It is almost Christmas, and all of our administrative people at LDEO are going away for the holidays, and I am here, in Chiang Mai, with a dubious link to the Internet and a 12-hour difference between me and the rest of my world. The deadline for this proposal is just after the holidays, not a very easy time to get things done. Furthermore, I have co-PIs (principle investigators) in Australia and the U.S., in the Philippines and Vietnam. Bringing this type of collaborative project together is truly daunting, and consumes a great deal of time and energy, but I wouldn’t have it any other way. So to all those who take the time to read this blog, I thank you and I wish you a happy and healthy holiday season. I know what I will be doing — mostly writing — but Orawan and I will take the time to have a Christmas dinner of northern Thai food with some friends we just met. And now that the weather is cool we will go for a long walk around the old city moat, and make merit at the temple, and by taking my mother in law out to visit the market. And with a bit of luck, this proposal will come together and will be worthy of funding, and I can put the KFC jacket back in the closet for another year.
Chiang Mai Thailand, Dec. 16, 2010 — I am haunted by water… lots and lots of it. We had so much rainfall in the central highlands of Vietnam last week, during a rogue dry-season deluge, that we had to leave 5 motorcycles stranded at the Bidoup Nui Ba National Park ranger station while we swam a river that is normally crossed on a small wooden bridge or by a cable-pulled raft. To add to the adventure, one of the motorbikes had a broken rear axle, necessitating our having to push it out on slippery, washed out roads for more than 6 km before leaving it with the rest at the station. Along the way we had one raging waist-deep torrent of a stream to cross, normally mid-calf deep, that we had to hand-carry each bike across on a makeshift litter. This may have been the most dangerous part of the trip, since a fall on the downstream side of the motorbike would have resulted in being washed over a small escarpment and pinned by the bike in the swirling current. After our recent trip to Laos (see prior entry) that I described as difficult, this trip set a new standard for physically demanding. And I am not ashamed to say, in spite of a complete failure of getting any of our intended work done, it was the most fun I have had in years.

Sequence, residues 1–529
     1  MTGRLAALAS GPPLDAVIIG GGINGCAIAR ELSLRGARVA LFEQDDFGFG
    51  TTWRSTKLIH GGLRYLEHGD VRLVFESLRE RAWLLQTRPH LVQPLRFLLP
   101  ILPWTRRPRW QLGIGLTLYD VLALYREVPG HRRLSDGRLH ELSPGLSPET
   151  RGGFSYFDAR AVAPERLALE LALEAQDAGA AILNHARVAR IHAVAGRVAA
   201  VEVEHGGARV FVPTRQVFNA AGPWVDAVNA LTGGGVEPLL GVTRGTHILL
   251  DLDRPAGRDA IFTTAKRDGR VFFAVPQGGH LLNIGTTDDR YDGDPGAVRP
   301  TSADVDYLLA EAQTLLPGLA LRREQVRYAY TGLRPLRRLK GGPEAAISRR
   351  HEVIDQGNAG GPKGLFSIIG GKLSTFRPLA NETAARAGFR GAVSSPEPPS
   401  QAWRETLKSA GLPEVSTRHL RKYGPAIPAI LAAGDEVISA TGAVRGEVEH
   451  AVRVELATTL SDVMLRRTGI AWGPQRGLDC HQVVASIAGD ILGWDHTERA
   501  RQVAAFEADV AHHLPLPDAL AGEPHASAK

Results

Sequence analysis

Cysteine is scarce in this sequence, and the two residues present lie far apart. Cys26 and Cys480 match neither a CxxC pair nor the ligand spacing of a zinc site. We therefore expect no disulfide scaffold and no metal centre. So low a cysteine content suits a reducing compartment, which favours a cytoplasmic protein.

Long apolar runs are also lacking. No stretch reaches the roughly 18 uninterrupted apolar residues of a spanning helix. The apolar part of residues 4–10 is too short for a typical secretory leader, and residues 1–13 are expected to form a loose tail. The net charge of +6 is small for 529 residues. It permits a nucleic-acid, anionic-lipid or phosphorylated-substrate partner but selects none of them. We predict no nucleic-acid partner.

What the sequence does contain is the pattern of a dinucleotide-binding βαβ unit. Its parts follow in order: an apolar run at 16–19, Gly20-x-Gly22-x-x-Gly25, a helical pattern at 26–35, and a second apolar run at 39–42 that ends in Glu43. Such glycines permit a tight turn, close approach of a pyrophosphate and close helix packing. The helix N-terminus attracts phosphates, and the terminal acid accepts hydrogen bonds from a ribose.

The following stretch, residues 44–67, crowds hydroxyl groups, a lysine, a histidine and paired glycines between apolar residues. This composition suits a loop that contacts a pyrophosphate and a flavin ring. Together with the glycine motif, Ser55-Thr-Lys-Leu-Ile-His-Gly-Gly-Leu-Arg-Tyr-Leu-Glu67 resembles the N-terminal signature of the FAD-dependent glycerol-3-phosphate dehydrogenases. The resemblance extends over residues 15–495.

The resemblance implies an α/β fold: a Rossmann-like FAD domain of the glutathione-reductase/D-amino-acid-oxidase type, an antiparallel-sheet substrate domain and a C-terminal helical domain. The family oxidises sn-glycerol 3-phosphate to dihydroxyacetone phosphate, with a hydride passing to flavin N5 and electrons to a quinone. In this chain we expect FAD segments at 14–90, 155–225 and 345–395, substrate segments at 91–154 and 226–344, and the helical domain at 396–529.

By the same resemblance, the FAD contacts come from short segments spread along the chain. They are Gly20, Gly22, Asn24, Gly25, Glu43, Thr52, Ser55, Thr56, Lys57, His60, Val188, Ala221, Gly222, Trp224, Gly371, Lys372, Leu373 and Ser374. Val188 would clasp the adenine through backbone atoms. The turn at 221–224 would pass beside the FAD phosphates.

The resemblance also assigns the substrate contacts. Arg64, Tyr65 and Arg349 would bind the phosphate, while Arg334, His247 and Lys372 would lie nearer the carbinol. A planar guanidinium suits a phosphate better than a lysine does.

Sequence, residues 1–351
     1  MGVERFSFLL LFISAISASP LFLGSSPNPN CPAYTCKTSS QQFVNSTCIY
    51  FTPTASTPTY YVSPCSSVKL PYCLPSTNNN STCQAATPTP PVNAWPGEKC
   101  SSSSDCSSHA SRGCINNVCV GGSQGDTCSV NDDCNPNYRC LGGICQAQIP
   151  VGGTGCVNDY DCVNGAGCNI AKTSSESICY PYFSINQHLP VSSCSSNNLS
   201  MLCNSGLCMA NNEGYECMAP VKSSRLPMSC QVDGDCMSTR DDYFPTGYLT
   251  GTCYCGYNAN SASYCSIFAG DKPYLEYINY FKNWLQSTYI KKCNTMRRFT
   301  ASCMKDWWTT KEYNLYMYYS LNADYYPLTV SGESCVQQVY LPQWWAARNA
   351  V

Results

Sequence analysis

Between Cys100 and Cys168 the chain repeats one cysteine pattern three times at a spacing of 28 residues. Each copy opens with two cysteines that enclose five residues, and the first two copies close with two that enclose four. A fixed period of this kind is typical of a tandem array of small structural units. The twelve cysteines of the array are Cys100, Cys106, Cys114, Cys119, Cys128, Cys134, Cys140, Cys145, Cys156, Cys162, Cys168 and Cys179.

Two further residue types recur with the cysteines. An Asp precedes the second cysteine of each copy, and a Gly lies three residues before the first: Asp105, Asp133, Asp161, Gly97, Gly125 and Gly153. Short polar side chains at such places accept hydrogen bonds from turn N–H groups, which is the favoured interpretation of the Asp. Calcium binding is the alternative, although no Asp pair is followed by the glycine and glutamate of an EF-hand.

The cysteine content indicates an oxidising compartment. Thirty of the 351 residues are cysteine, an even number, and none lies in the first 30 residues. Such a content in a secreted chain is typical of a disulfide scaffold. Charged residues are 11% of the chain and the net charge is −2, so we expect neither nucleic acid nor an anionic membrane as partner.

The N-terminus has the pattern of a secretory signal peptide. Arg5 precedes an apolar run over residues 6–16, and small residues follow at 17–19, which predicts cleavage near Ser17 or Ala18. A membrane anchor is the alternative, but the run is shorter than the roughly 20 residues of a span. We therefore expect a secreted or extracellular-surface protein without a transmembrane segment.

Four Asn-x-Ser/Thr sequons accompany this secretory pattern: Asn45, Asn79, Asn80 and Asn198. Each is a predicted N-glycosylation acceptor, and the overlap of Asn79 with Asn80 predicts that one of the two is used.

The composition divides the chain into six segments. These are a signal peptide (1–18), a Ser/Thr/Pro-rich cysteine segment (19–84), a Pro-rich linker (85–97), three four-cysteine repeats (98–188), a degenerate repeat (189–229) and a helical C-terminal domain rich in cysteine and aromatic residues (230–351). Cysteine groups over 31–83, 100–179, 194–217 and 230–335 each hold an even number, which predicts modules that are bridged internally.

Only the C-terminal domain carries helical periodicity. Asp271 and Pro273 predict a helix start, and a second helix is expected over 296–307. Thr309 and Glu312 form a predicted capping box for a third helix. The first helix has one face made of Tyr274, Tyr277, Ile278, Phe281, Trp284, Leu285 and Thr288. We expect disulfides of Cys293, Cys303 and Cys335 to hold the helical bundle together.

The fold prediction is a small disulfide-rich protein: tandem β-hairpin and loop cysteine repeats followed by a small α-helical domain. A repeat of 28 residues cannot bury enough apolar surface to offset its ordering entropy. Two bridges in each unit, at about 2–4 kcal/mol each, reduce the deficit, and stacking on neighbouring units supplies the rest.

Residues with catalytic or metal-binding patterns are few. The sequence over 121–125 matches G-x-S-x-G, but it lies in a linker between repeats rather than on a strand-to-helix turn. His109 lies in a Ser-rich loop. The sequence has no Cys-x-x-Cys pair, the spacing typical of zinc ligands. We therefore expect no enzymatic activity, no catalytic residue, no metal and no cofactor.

The river crossing on the way into the forest. Note the bent red pole that forms one end of the cable-pulled raft that we are about to use to cross. It was bent during high water the previous week and would be completely submerged in water during our high-water period the night before our escape.
The crossing going in, during what is already somewhat high water level. The bent pole changed the angle of the raft cable which resulted in increased pressure by the river’s force on the upstream side of the raft. This would make it impossible for us to get the raft across the river in the greater flow going out. From Left to right, Mr. Nam, Guong, Hui (red jacket), Truong and Patrick Brown.